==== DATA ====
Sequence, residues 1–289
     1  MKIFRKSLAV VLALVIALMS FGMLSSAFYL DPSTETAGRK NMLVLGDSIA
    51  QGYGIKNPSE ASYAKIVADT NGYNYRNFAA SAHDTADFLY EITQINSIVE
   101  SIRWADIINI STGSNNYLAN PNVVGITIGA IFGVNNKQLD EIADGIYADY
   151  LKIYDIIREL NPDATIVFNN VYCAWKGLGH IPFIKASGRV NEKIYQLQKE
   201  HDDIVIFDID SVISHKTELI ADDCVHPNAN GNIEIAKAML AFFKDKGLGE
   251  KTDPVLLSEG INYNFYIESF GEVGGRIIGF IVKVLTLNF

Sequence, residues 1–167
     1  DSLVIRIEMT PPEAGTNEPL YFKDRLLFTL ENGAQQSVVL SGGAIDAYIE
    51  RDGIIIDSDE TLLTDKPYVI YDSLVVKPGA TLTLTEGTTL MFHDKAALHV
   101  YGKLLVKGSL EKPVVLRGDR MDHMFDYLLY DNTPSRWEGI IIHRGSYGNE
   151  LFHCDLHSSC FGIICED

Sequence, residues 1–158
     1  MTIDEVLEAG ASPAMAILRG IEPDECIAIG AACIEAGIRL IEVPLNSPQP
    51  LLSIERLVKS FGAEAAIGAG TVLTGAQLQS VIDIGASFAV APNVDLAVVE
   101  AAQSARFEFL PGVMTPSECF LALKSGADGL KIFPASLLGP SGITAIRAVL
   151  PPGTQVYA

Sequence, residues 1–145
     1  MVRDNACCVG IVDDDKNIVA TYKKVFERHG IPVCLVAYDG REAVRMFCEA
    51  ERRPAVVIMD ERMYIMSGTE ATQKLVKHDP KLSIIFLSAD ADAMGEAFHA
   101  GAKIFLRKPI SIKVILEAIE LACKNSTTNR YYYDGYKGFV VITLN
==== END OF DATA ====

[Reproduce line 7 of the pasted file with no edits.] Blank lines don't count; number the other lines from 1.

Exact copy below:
   251  KTDPVLLSEG INYNFYIESF GEVGGRIIGF IVKVLTLNF